Automaton Swan


In his A Dictionary of Arts, Manufactures, and Mines, Andrew Ure provides a lengthy explanation for the mechanical workings displayed in this simple line-drawing. He begins by describing its basic movements:
Fig. 92 exhibits the outlines of an automaton, representing a swan, with suitably combined movements. The mechanism may be described, for the sake of clearness of explanation, under distinct heads. The first relates to the motion of the whole figure. By means of this part it swims upon the water, in directions changed from time to time without exterior agency. Another construction gives to the figure the faculty of bending its neck on several occasions, and to such an extent that it can plunge the bill and a portion of the head under water. Lastly, it is made to move its head and neck slowly from side to side. (84)
The inside of the swan’s body is depicted as a series of interlocking and carefully numbered and lettered gears. Behind the duck extends a rudder, which helps it to swim. The neck, “the part which requires the most careful workmanship,” is shown as a series of interlinked triangles representing a steel spring (85).

Primary Works: 

Andrew Ure's A Dictionary of Arts, Manufactures, and Mines (London, 1839)

Accession Number: 

Cole Coll C 997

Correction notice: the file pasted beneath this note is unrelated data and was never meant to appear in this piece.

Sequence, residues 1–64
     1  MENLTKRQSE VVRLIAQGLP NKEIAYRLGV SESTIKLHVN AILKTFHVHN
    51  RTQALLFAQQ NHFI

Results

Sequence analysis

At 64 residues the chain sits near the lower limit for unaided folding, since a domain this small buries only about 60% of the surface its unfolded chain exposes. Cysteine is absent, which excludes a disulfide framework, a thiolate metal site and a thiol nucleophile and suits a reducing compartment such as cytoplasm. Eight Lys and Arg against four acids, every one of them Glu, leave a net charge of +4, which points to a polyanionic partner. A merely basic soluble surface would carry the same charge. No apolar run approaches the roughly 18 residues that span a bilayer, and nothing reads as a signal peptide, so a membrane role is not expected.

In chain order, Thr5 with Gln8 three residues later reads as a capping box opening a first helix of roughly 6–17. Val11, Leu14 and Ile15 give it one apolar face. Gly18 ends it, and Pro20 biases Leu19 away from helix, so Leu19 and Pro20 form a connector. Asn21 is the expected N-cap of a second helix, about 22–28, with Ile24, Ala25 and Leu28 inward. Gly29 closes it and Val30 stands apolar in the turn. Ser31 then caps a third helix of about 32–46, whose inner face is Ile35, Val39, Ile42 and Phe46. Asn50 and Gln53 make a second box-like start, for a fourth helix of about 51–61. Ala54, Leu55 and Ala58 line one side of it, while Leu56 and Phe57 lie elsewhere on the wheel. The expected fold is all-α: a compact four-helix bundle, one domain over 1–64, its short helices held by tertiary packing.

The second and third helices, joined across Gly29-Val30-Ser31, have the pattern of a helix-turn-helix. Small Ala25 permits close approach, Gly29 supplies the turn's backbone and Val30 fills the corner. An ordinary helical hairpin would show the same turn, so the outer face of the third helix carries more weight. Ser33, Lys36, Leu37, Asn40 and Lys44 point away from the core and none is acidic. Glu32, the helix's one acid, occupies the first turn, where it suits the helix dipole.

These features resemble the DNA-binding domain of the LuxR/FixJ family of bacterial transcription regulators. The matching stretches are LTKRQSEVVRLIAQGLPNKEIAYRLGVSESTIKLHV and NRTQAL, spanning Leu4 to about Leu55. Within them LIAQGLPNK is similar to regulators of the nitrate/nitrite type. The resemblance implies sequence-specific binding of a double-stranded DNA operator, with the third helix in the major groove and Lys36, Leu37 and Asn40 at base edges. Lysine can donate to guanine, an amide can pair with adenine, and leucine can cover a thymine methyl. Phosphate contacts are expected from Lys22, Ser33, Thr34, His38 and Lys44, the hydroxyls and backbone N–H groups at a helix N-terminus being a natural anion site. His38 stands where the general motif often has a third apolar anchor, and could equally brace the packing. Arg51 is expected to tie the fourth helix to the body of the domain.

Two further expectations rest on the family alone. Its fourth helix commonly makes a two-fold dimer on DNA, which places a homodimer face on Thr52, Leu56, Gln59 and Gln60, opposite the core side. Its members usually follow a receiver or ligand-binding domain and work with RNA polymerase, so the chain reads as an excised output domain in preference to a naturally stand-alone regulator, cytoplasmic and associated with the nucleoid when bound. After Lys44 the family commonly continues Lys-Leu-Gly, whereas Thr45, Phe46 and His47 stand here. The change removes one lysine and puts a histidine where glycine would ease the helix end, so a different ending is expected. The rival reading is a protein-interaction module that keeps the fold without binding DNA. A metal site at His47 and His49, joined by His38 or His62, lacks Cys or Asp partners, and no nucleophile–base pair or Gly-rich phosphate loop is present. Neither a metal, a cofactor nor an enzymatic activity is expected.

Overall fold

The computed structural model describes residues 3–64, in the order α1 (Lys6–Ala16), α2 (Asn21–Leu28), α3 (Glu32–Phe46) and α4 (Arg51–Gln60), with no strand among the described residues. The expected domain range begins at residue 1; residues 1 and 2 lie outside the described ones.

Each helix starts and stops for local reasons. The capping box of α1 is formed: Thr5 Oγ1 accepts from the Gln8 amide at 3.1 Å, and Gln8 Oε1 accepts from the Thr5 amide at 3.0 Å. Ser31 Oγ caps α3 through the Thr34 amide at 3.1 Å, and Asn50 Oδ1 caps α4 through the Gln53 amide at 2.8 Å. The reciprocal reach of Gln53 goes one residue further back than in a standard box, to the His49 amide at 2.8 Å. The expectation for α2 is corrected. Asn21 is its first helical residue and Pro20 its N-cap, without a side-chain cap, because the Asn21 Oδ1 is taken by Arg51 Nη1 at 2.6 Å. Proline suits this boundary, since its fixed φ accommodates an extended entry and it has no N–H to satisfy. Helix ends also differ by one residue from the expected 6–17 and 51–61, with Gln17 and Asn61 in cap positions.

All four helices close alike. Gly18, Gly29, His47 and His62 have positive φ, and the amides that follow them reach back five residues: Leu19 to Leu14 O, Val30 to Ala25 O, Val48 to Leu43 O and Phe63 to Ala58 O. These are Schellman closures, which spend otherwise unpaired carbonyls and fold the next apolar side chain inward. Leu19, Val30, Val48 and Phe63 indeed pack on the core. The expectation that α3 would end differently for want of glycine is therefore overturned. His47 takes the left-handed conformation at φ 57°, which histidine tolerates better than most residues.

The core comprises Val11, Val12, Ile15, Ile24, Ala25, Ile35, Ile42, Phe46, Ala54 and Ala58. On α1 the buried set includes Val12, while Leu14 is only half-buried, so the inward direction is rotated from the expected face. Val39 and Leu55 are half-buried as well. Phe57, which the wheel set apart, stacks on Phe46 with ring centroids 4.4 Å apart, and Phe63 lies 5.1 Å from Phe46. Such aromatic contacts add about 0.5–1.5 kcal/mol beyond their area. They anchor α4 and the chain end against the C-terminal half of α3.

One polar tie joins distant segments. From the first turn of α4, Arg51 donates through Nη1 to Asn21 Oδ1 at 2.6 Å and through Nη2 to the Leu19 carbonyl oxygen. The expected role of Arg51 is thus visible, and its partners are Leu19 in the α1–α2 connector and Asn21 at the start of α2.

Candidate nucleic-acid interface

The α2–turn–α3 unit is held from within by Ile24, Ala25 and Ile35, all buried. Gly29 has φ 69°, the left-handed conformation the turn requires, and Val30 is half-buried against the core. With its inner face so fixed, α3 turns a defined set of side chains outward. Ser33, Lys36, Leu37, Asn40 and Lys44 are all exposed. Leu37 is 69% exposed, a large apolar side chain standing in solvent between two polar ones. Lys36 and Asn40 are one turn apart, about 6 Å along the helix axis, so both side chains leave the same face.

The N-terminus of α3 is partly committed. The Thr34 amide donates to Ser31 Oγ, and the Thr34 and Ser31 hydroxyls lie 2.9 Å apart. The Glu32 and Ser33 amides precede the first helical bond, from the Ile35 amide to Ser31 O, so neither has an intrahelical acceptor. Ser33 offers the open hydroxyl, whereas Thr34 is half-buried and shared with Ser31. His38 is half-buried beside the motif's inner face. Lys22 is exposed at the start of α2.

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Andrew Ure’s A Dictionary of Arts, Manufactures, and Mines underwent numerous printings and editions. This image is taken from the 11th edition.
This small print is an illustration (fig. 92, p. 84) to the dictionary entry on “Automaton” in Andrew Ure's A Dictionary of Arts, Manufactures, and Mines; containing a Clear Exposition of Their Principles and Practice. Eleventh American, from the last London Edition. To which is appended, a Supplement of Recent Improvements to the Present Time (New York: D. Appleton & Company, 200 Broadway. Philadelphia: Gorge S. Appleton, 148 Chestnut St., 1847): 83-86. The first edition of Ure’s Dictionary was published in London in 1839.
There were several iterations of automaton swimming birds from the early eighteenth century to the nineteenth century. The three that have the most bearing on Ure’s version and this gallery are Maillard’s artificial swan (1733), Vaucauson’s duck (1738), and Cox’s silver swan (1773).